So, the more you stay online at bedtime, the more you postpone falling asleep. As a result, you would not get enough sleep your body needs at a time when it would be in the most quality state at night.
It is not only about you becoming sleepless because you spare too much time for social media. The content of the activity can cause other effects on sleep.
What you watch, read, see, hear, or get involved in on social media has the capacity to influence you emotionally, socially, and cognitively. For instance, finding yourself in a conflictual debate on Twitter would have more impact on you than watching an entertaining short video.
Fear of missing out (FOMO)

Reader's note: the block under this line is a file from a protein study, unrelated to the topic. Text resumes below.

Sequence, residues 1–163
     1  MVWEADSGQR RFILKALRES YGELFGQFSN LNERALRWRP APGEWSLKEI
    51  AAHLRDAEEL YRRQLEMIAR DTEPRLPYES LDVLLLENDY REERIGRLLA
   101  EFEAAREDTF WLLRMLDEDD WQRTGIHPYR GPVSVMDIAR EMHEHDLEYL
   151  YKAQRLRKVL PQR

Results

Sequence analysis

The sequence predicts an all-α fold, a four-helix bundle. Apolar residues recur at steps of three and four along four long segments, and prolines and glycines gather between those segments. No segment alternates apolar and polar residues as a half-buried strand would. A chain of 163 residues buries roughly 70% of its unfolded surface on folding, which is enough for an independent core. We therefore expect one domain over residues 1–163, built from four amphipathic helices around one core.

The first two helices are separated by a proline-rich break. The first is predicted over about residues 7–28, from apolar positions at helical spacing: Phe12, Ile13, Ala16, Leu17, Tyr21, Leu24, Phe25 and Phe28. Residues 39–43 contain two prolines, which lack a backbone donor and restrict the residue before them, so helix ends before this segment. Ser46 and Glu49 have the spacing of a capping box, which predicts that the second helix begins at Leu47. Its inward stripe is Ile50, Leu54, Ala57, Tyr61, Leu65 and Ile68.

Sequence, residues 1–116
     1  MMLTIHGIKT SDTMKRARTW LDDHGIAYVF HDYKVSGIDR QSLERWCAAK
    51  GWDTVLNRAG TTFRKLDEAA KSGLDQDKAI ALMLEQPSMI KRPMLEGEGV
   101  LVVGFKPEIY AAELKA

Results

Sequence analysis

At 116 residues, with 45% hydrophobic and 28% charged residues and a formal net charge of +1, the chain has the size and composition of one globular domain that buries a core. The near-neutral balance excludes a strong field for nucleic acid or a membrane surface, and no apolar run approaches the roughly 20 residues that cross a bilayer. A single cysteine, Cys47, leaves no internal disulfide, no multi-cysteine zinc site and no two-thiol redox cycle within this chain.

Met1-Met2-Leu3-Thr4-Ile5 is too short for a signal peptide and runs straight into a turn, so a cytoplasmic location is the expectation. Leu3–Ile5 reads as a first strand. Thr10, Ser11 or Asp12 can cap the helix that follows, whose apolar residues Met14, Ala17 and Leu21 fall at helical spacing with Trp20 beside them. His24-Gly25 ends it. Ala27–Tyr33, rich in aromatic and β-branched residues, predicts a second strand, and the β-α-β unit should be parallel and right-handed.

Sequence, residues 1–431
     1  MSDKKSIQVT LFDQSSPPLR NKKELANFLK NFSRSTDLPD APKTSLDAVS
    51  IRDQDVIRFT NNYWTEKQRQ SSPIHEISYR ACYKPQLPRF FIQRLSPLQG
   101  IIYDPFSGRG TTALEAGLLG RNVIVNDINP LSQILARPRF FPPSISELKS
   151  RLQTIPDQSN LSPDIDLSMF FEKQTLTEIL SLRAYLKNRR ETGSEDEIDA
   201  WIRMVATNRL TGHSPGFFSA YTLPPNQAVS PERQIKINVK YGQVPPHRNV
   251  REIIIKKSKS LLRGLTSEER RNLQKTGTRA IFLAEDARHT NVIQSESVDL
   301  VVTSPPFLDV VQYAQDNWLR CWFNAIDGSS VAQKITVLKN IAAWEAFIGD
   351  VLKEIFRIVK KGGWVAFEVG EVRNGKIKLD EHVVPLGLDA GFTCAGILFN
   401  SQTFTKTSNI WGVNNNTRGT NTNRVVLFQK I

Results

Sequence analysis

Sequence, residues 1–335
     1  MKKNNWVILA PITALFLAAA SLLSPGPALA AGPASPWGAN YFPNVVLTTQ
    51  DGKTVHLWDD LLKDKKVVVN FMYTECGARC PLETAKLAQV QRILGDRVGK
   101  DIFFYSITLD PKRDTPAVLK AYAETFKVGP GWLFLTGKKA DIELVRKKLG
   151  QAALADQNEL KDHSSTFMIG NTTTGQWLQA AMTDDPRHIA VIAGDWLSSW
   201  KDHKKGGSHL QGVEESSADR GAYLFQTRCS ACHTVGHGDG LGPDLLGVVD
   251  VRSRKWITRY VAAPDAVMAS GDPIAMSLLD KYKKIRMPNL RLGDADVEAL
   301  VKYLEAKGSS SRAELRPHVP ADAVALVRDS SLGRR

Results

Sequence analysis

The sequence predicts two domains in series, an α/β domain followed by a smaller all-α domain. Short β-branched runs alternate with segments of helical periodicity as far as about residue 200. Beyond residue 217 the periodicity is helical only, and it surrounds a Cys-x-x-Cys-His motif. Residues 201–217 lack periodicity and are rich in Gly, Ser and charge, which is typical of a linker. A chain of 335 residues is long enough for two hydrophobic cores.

Social media platforms have brought quick and easy accessibility to our lives. We can reach the people, trends, and networks with no difficulty and vice versa. There has occurred a sense that every moment something is happening, and it should be checked what is happening right now. No end moments on social media create the urge to be online not to fall behind the connections.
It becomes hard to control when you disengage yourself from the digital world. Even though you are not on the mobile phone, anxiety or curiosity might emerge, making winding down your body and brain difficult.
How to curb having poor sleep caused by the use of social media?
You do not have to give up social media totally. There are many things you can benefit from these platforms. However, it would be helpful to be aware of how you use them and begin making regulatory changes.
1. Time management
Time is the fundamental part of regulating the use of social media regarding sleep problems.
You need to be careful when you are online, how often you use social media channels, and how much time you spare per day, especially at night. You can use the screen time limit.